How to Establish a Regular Yoga Practice
You want to start finally doing Yoga regularly on your own but bringing yourself to it is much more challenging than you thought!
Sadhana is a Sanskrit word that means personal spiritual practice. It’s typically something you do every day, ideally around the same time.
This word can also refer to the routines and rituals that allow you to stay in balance, come home to yourself, and develop your potential.
Establishing my daily yoga practice was a long process for me. I used to struggle a lot with consistency, and structure. I guess I’m not alone in that!
The problem is that you often think “I can’t do it because I’m not consistent enough. I can’t bring myself to practice, I don’t have enough discipline and time…” and so on. The truth is, nobody is consistent or completely disciplined at the beginning!
Discipline, consistency and structure develop as you practice! And not only on the yoga mat but also in life.
In this blog, I would love to share with you how to establish a regular yoga practice. Why? Because it has hugely benefited my life and I am convinced it will also benefit your life.
How To Establish Your Personal Yoga Practice
- Be clear on your intention
Why do you want to practice? What would motivate you to come back to your mat every day? What goals do you want to achieve? The intention will give you motivation and faith especially on those days when you don’t feel like practicing.
- Create a space
A place that you love to come back to every day. It does not need to be an extra room, maybe a part of your living room or bedroom? Make it clean, beautiful, and inviting. Maybe burn incense, light a candle, or use essential oils. I love to smell essential oils at the beginning of my practice! This will be your sacred space.
It’s very helpful, if possible, to not have to roll out your mat every time. When the mat stays in place, it is more likely that you will convince yourself to practice even if you don’t feel like it. You can arrange some objects that will help create your special space and help your yoga practice at the same time, like cushions, bolsters, or blankets. It’s also great to have some free wall space for poses like a supported headstand or legs up the wall.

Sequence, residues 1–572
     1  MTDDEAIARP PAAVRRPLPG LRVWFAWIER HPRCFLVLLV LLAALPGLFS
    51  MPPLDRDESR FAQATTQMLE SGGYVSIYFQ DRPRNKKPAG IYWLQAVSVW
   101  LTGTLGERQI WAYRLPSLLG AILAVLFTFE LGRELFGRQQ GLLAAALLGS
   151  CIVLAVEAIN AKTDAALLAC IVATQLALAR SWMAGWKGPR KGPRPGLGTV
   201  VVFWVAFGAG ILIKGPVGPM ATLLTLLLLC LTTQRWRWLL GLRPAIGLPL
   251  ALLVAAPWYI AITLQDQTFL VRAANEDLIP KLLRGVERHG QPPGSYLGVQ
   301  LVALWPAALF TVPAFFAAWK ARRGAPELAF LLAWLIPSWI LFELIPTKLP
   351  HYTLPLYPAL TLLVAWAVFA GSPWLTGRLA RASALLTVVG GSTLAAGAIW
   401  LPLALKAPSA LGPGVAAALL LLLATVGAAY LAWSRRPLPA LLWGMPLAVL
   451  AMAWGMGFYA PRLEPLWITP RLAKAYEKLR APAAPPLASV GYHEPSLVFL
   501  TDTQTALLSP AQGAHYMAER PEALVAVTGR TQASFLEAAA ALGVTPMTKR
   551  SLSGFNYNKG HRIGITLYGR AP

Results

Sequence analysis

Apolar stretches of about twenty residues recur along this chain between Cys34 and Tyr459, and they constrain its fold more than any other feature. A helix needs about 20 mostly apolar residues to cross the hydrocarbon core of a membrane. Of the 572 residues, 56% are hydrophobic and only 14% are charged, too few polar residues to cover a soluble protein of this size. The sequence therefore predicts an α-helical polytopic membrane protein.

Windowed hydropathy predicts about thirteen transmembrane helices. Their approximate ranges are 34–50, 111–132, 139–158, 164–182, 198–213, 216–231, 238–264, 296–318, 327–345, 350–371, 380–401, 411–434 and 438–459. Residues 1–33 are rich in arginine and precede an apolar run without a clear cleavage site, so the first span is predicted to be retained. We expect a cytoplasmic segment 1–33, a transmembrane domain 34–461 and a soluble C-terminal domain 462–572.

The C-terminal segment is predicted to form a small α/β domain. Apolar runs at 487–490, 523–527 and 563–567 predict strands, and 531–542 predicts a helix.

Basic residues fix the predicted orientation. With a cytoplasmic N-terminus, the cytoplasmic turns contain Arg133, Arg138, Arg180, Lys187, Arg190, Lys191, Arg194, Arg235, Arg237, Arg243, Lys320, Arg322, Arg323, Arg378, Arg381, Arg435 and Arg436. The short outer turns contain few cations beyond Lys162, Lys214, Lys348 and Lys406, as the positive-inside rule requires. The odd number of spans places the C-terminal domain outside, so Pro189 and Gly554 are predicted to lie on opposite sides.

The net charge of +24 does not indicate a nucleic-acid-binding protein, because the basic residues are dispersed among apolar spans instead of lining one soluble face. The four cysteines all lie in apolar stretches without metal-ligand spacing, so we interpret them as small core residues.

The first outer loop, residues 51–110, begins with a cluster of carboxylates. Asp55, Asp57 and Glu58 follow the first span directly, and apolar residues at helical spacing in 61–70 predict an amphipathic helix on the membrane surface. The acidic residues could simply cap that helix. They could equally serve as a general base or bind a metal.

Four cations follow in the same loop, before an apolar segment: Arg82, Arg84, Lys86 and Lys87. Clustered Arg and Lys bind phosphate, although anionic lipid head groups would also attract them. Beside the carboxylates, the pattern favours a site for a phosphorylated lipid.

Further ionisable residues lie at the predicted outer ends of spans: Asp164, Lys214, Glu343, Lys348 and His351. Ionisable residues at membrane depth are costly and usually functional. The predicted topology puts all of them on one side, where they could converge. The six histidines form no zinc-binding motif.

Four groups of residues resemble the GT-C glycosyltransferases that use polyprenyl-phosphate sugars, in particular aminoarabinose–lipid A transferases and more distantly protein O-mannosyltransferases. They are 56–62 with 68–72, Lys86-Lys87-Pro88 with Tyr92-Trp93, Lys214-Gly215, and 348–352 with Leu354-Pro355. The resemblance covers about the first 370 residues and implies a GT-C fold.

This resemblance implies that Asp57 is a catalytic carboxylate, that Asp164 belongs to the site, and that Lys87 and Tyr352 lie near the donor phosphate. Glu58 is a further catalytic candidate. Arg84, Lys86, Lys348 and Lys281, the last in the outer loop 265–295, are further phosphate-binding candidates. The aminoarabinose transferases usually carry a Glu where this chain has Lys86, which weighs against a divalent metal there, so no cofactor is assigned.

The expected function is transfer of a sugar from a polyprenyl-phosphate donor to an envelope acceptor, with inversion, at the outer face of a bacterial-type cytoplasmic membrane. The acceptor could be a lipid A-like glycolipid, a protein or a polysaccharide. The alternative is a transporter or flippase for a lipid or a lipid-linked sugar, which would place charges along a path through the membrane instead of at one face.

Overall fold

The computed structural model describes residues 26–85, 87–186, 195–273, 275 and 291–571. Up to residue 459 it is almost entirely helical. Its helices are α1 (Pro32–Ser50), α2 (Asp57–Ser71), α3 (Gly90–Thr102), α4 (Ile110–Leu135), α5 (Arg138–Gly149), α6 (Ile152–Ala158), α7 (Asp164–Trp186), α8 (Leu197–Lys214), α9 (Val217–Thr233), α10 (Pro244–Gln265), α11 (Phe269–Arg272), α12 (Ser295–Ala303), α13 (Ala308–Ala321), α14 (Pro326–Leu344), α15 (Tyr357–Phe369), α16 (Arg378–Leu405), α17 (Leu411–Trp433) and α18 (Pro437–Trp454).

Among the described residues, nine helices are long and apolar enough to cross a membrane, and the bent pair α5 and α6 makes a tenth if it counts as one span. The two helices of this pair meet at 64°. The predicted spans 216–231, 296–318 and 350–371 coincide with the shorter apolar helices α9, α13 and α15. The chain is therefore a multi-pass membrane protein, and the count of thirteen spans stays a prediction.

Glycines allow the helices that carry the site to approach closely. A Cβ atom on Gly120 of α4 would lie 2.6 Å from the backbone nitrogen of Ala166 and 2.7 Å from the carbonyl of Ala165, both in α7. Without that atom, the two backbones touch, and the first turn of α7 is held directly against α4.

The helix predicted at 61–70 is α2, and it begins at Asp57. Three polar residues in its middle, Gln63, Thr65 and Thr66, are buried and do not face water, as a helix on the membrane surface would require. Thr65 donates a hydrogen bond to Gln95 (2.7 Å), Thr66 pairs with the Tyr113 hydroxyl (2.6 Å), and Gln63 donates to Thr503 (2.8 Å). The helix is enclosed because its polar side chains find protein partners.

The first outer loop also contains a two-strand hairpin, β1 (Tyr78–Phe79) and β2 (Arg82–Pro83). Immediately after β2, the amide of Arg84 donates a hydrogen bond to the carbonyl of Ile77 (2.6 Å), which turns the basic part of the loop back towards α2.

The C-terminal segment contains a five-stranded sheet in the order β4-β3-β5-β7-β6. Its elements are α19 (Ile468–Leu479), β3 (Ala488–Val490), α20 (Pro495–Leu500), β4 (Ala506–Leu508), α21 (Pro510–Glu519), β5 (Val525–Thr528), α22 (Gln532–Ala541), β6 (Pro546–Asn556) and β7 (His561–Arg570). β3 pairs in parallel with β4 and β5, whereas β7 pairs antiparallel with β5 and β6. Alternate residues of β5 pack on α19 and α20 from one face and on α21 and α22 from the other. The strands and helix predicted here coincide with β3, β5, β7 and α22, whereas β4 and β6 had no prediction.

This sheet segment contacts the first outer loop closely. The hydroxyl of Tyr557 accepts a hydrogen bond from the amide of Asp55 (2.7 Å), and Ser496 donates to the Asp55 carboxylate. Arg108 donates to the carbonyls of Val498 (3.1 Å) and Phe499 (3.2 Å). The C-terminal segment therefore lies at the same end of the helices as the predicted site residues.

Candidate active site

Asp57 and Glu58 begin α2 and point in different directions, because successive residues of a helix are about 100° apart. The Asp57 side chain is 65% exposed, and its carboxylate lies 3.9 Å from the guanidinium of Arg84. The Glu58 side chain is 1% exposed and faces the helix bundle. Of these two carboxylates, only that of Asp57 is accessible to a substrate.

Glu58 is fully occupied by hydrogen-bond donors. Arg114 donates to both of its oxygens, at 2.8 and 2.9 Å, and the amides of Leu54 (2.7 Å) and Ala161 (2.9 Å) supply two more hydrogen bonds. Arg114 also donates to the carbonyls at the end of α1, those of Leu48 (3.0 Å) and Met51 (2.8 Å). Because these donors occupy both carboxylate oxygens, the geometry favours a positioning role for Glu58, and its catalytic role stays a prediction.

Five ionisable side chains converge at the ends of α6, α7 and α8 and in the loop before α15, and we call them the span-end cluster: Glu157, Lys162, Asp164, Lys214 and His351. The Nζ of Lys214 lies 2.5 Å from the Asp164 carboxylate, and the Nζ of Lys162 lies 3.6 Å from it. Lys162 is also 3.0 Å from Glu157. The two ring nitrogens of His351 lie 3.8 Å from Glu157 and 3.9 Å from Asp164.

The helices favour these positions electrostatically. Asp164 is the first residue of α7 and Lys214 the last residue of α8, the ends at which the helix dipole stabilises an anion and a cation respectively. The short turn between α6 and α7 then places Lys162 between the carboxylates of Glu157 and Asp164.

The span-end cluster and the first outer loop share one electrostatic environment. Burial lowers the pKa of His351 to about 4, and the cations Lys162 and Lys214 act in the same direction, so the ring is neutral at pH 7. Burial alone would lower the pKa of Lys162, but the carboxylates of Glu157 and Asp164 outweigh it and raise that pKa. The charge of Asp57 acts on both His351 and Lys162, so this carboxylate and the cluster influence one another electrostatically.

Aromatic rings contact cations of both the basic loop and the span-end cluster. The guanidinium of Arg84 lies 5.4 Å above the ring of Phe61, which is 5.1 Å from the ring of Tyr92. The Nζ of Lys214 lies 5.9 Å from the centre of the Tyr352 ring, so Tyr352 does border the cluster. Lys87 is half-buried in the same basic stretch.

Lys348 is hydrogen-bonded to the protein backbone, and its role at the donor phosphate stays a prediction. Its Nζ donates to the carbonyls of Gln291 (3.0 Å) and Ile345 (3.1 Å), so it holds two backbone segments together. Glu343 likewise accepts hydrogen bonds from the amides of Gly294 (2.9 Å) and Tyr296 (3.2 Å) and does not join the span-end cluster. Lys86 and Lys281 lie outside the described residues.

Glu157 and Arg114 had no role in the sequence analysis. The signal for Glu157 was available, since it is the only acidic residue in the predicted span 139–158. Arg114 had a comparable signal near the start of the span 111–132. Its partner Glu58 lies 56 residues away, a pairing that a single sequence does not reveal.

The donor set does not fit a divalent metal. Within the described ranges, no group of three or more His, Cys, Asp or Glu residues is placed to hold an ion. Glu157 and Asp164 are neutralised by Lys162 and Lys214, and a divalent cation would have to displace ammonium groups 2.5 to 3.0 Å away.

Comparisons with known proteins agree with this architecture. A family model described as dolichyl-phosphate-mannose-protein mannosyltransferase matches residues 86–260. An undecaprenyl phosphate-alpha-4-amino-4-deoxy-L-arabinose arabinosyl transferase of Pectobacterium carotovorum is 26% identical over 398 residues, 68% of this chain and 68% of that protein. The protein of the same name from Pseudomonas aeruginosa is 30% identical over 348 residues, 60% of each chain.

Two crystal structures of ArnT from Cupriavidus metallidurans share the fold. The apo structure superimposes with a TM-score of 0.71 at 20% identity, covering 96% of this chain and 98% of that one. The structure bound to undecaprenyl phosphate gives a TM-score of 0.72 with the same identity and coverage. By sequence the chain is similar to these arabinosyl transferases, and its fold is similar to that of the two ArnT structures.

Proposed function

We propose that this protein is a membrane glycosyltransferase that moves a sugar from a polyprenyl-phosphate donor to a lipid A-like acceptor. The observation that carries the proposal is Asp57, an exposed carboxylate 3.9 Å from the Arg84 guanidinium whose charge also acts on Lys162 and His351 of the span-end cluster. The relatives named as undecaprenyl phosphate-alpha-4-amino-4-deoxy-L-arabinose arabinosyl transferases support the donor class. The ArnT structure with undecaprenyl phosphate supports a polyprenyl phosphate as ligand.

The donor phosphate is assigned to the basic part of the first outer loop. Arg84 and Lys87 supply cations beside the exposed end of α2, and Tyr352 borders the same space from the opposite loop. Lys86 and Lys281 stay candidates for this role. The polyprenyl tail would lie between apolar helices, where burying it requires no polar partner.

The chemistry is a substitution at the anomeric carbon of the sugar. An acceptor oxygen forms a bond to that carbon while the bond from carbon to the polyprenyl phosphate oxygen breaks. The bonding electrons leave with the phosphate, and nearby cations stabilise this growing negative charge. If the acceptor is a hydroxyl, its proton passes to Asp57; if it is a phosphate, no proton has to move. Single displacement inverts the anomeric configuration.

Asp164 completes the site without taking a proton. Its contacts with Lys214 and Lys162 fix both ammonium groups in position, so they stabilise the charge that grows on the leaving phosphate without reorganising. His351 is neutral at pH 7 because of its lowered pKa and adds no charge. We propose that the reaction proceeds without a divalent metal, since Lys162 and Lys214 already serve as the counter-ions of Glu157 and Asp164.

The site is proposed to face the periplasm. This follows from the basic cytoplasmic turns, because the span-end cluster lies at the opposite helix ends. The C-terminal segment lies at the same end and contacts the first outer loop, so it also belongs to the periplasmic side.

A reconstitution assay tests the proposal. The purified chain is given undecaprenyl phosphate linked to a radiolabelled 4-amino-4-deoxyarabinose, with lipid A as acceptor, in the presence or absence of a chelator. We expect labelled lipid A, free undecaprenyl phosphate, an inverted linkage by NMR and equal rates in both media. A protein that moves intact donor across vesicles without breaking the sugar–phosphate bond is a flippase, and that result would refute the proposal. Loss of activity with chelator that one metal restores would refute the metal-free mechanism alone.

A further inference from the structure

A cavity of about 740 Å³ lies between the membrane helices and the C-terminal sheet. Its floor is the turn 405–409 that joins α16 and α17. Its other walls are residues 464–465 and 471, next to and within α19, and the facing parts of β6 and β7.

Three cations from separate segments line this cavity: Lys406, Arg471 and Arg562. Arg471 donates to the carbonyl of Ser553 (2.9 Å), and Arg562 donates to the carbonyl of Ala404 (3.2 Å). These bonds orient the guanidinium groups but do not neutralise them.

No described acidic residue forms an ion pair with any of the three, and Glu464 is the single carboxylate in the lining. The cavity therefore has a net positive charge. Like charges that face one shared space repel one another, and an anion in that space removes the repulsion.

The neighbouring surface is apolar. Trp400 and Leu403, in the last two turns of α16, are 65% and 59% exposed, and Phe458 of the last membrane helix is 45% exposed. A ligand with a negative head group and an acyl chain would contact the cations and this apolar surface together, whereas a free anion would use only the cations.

But even if you don’t have a possibility or enough space for creating a room for your daily yoga, that’s ok. I used to live for many years in very small spaces with few possibilities to make them particularly beautiful. Sometimes I would have only space by my bed to roll out my yoga mat. And that was fine!
3. Choose a time
Ideally, about the same time every day (early morning is the best or late afternoon). This will make it easier for the nervous system to relax and to develop a habit. Once your practice becomes a habit, it will require less energy to bring yourself to it and will save you time.
- Choose a practice
Your asanas (postures) do not need to be exactly the same every day. But following the same sequence over a period of time has great benefits! You learn through repetition. The depth of practice will develop over time. However, the main component of your practice, meditation, always stays the same for a period of time. It takes time to develop a positive habit and form new neural pathways. 30 days is the minimum length to stick with one chosen practice. Some Sadhanas take 40 days, some three to six months. I know people who’ve done the same kind of yoga practice for years and it brings great benefits to them.
- Make it simple!
Do not overcomplicate things. Do fewer poses, but with more awareness, precision, and longer holds. Simplicity invites calmness and stability. I love to design different versions of different lengths for my sadhana. I have a long version for mornings when I have more time, and a short version for mornings when I need to be more efficient.
6. Always finish your practice with a meditation
Meditation is where the real transformation happens, where you can rest in the observer, deepen your intuition and connect with your Higher Self.
Often this is the part that you want to avoid. Because it initially seems boring and the monkey mind is very scared of having no distractions and being on its own! Often you’re not convinced by the potential benefits until you try it and experience it for yourself. Meditation requires patience and discipline. Again, these qualities develop as you practice.
If you’re at the beginning of your yoga journey and struggle with meditation, don’t beat yourself up for this. Sitting in meditation is really not as easy as it sounds. Start with a simple meditation and sit for at least a few minutes each time. That is a great start!
- Stay realistic
Establishing your personal yoga practice does not happen in one day, it’s a process. Don’t be too hard on yourself. And stay realistic. Maybe 1 hour every day is too much, so commit to 15 or 30 minutes. Maybe every day seems like much and not realistic at the beginning – then commit to 15 or 30 minutes 3 or 4 times in a week. Or better, if you can, practice every day for 5 to 10 minutes. Daily rhythm helps to form a habit and allows the benefits to grow faster.
If you skip a day, that’s nothing to worry about. If you skip more than one day that’s not ideal, but every moment is an opportunity to start again!